The agreement should specify the purchase price or other considerations for the shares.
- Payment terms
The agreement should detail the timing and method of payment for the shares.
- Representations and Warranties
The agreement should include the buyer’s and seller’s representations and warranties. These can be regarding their ownership of the shares and other relevant matters.
6. Conditions precedent
The agreement should specify all necessary conditions before the transfer, such as regulatory approvals.
The agreement should include provisions for indemnification in case of breach by either party.
- Governing law and jurisdiction
The agreement should specify the governing law and jurisdiction to address any disputes from the agreement.
Both parties and any relevant witnesses or representatives should sign the agreement.
How can Belaws help?
For more information about starting share purchase agreements in Thailand, why not talk to one of our experts now?
This article is for information purposes only and does not constitute legal advice.
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Frequently asked questions
How to register import export company in Thailand?
To register an import-export company in Thailand, you need to follow a few steps. Firstly, you need to obtain a Foreign Business License from the Department of Business Development (DBD) or the Board of Investment (BOI). Secondly, you need to register your company with the Ministry of Commerce. Finally, you need to obtain a Tax Identification Number (TIN) from the Revenue Department.
Which company is best for import and export?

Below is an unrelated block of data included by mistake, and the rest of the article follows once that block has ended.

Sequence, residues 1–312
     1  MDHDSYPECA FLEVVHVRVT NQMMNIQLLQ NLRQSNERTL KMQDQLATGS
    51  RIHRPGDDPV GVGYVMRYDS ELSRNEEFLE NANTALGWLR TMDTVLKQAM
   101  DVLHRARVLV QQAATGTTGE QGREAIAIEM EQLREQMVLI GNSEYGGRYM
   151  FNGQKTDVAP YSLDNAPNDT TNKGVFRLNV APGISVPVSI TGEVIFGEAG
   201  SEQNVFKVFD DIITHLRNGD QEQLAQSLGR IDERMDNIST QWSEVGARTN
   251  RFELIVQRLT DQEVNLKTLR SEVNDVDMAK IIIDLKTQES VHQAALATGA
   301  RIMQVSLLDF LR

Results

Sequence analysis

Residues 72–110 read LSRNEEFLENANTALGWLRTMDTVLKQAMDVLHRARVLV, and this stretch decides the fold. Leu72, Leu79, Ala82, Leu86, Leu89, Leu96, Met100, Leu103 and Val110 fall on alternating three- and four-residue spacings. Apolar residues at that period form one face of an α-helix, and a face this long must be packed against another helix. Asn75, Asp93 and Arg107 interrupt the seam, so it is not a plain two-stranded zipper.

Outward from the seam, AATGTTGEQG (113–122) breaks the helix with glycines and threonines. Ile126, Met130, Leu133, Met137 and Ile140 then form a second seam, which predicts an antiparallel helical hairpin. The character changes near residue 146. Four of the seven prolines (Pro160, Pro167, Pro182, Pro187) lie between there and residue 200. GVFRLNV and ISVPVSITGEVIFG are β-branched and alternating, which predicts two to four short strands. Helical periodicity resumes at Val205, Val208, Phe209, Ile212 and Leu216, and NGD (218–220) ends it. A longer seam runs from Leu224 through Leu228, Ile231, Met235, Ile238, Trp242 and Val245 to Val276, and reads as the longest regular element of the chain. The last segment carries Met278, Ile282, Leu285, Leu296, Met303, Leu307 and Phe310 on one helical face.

It is not possible to name a specific company as the best for import and export as it depends on various factors such as the type of products you want to import/export, the countries you want to trade with, and your specific requirements. However, there are several well-established companies in Thailand that have a good reputation in the import-export industry, such as the Thai Trade Center and the Thai Chamber of Commerce.
What is the main import and export of Thailand?
Thailand’s main exports are electrical appliances, computer components, vehicles, and parts, chemicals, and plastic products. On the other hand, Thailand’s main imports are crude oil, refined petroleum, electronic integrated circuits, and chemicals.
What is the top export industry in Thailand?
The top export industries in Thailand are the automotive industry, the electronic industry, and the food industry. These industries account for a significant portion of Thailand’s total export revenue.
How to register a company in Thailand as a foreigner?
Foreigners can register a company in Thailand by following a few steps. Firstly, they need to obtain a Foreign Business License from the Department of Business Development or the Board of Investment. Secondly, they need to register their company with the Ministry of Commerce. Finally, they need to obtain a Tax Identification Number from the Revenue Department.
How do I get a Thai export permit?
To obtain a Thai export permit, you need to submit an application to the Department of Foreign Trade. The application should include information about the products you want to export, the destination country, and the quantity. Once your application is approved, you will receive an export permit.
How to start import export business?
To start an import-export business, you need to follow a few steps. Firstly, you need to research the market and identify the products that have a high demand in the target market. Secondly, you need to obtain the necessary licenses and permits. Thirdly, you need to establish relationships with suppliers and buyers. Finally, you need to set up logistics and shipping arrangements.
How to get a Thailand import export license?
To get a Thailand import-export license, you need to obtain a Foreign Business License from the Department of Business Development or the Board of Investment. Once you have obtained the Foreign Business License, you can register your company with the Ministry of Commerce and obtain a Tax Identification Number from the Revenue Department.